“On a Death’s Head”
Est illic Lethaeus Amor, qui pectora sanat,
Inque suas gelidam lampadas addit aquam.
On this Resemblance, where we find
A Portrait drawn for all Mankind,
Fond Lover! gaze a while, to see
What Beauty’s Idol Charms shall be.
Where are the Balls that once cou’d dart 5
Quick Lightning thro’ the wounded Heart?
The Skin, whose Teint cou’d once unite
The glowing Red and polish’d White?
The Lip in brighter Ruby drest?
The Cheek with dimpled Smiles imprest? 10
The rising Front, where Beauty sate
Thron’d in her Residence of State;
Which, half-disclos’d and half-conceal’d,
The Hair in flowing Ringlets veil’d;
‘Tis vanish’d all! remains alone 15
This eyeless Scalp of naked Bone:
The vacant Orbits sunk within:
The Jaw that offers at a Grin.
Is this the Object then that claims
The Tribute of our youthful Flames? 20
Must am’rous Hopes and fancy’d Bliss,
Too dear Delusions! end in this?
How high does Melancholy swell!
Which Sighs can more than Language tell:
Till Love can only grieve or fear; 25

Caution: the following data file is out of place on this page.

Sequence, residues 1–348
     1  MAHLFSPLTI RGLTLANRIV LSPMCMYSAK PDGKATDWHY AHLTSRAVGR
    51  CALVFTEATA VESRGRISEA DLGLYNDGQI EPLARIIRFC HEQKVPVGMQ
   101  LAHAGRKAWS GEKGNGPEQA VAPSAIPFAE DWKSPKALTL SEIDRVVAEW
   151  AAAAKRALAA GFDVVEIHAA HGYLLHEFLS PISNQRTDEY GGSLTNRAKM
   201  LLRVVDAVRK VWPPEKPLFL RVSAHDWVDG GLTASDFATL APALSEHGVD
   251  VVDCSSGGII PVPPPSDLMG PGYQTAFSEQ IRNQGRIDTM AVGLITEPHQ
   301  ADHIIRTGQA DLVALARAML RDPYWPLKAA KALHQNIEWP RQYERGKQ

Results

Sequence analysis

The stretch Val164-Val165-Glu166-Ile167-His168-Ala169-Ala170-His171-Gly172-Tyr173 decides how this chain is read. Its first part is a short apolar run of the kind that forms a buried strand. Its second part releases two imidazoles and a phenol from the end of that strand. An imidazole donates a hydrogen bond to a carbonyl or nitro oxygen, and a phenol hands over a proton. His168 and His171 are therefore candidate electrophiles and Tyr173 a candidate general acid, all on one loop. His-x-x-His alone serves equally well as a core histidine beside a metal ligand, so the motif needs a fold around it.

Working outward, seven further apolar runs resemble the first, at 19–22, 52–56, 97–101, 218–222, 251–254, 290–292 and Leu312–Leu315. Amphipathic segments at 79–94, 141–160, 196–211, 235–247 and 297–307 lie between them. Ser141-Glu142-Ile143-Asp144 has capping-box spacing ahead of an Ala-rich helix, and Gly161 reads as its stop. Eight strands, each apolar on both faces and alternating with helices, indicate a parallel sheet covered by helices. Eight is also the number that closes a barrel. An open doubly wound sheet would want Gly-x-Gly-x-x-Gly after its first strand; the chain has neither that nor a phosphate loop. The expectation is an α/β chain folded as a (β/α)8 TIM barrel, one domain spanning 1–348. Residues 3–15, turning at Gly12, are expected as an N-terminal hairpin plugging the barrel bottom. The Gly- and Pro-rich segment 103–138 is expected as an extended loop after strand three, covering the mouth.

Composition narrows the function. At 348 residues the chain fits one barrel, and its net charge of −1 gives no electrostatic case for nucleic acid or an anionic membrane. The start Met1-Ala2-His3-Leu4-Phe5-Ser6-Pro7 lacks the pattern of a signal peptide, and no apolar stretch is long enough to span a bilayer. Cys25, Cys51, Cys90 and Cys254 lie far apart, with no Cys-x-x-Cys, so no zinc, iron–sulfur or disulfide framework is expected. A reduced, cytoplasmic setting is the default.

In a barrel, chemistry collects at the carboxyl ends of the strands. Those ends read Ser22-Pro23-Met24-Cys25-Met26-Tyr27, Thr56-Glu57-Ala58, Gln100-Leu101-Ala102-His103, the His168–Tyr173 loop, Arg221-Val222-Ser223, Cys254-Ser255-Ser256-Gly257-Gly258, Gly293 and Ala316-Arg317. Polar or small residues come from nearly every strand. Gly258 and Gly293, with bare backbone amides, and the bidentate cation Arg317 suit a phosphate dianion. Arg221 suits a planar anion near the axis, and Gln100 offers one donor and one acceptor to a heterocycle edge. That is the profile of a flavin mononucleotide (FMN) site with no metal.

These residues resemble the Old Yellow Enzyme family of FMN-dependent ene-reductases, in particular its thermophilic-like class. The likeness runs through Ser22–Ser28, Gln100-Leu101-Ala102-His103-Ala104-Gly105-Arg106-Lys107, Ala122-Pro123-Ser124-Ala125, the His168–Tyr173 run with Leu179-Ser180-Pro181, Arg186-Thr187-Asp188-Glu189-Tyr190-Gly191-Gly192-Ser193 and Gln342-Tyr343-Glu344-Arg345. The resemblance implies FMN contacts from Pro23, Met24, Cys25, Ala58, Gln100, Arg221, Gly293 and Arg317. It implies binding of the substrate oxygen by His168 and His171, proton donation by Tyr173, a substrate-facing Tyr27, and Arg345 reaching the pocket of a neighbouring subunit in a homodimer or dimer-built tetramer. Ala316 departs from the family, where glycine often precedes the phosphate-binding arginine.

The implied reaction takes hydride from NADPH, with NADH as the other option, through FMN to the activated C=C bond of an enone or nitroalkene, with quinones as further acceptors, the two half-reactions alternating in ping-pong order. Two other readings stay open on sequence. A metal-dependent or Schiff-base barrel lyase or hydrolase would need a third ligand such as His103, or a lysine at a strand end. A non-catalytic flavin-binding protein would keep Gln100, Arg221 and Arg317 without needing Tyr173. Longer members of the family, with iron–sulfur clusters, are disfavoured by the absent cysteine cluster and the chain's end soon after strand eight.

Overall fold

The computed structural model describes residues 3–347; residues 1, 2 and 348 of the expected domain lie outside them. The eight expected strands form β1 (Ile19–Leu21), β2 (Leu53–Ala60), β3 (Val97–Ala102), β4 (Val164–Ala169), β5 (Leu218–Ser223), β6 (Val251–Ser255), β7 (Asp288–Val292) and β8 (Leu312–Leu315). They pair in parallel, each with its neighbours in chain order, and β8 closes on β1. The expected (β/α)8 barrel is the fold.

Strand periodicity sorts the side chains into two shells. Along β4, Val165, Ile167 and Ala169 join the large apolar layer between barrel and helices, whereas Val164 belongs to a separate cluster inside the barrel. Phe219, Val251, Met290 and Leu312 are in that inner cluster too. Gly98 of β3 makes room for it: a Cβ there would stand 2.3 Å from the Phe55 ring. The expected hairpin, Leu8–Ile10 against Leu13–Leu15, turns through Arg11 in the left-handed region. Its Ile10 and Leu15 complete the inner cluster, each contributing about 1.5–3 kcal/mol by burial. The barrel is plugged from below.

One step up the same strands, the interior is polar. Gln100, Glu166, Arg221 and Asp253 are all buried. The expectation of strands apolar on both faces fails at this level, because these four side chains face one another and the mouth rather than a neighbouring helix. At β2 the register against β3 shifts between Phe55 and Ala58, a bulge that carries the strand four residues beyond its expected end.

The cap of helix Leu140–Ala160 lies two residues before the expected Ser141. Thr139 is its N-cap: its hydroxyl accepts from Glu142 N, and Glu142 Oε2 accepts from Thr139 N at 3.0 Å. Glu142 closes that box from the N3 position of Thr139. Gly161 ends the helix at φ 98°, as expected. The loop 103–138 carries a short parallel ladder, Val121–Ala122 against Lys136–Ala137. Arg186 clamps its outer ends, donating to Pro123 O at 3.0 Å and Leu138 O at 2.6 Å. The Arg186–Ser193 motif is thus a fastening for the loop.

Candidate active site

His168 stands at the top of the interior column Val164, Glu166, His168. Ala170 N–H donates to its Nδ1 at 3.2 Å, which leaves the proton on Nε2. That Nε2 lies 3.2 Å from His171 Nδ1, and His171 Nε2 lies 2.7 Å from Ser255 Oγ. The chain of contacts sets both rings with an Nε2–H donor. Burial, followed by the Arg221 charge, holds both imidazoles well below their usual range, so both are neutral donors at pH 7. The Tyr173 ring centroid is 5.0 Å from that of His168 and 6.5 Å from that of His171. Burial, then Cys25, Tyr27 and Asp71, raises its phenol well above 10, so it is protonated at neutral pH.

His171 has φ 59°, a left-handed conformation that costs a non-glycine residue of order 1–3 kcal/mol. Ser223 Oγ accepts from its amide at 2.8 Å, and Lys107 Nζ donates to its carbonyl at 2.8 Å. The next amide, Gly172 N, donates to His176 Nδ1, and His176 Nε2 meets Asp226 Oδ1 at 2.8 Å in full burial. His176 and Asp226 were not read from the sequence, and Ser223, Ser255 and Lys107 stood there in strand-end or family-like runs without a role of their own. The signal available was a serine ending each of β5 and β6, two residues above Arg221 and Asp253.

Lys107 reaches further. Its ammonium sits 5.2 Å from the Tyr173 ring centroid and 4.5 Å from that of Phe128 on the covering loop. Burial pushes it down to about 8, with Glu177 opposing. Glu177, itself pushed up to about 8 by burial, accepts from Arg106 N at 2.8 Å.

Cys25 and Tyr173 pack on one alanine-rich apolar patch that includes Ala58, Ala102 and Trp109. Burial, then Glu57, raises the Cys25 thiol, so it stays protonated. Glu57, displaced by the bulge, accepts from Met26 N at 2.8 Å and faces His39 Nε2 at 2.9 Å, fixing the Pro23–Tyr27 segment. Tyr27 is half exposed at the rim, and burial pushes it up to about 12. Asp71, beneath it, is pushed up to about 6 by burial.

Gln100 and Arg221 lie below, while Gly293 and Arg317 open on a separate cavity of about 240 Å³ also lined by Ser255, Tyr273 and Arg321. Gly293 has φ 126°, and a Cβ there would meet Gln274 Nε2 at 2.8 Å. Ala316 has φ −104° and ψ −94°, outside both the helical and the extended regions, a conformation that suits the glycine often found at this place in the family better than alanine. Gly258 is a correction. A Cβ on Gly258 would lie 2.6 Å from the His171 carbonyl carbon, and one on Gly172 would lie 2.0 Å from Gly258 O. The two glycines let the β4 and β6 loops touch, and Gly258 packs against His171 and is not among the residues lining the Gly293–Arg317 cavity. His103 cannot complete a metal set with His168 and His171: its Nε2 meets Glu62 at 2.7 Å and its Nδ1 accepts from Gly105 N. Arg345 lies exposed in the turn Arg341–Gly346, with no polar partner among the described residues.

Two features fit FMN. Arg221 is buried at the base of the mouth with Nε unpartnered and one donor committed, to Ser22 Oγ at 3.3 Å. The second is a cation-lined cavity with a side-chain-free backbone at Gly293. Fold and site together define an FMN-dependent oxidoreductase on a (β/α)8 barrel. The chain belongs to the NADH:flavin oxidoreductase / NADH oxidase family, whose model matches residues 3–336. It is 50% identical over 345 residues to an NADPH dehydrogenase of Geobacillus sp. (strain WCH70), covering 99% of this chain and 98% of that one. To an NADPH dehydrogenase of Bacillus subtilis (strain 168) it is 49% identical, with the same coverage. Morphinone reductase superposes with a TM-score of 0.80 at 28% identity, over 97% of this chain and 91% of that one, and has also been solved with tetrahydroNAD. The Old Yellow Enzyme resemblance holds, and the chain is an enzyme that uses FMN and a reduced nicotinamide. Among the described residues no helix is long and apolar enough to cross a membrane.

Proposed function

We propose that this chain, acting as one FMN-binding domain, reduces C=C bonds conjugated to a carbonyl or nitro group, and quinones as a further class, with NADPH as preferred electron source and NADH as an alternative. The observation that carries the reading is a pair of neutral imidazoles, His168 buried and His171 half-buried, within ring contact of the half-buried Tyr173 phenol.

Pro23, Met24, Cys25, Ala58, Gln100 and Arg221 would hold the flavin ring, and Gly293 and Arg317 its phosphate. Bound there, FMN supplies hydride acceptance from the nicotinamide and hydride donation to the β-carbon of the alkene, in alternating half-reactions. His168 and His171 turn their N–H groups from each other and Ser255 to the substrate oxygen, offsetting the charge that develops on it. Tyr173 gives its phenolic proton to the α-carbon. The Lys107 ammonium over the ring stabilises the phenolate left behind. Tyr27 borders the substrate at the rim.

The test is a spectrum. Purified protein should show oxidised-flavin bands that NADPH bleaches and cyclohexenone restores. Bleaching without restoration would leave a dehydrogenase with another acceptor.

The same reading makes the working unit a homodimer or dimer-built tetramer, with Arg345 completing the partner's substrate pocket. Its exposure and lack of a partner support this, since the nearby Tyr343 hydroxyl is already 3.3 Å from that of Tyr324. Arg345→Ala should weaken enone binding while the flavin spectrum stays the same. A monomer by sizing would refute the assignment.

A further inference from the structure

Reflect a while, then drop Tear
For all that’s beautiful or dear.
Title Death’s Head A picture or depiction of a human skull as a symbol of mortality (OED).
Epigraph “Lethaean Love is there, who makes hearts whole, and pours cool water upon his torch” (Ovid, The Remedies of Love from The Art of Love and Other Poems, p. 214).
Epigraph Lethaean “Causing oblivion or forgetfulness of the past. From the river Lethe in Hades, whose water when drunk made the souls of the dead forget their life on earth” (OED).
7 Teint “Colour; shade” (Johnson).
11 Front “The face or forehead” (Johnson).
16 Scalp Originally denoting the “skull” or “cranium” (OED).
18 Orbits “The eyeball; the eye” (OED).
20 Flames “The passion of love” (Johnson).
Source: Poems on Several Occasions. With Anne Boleyn to King Henry VIII. An Epistle (London, 1755), pp. 58-59. [Google Books]
Edited by Carrie Siskind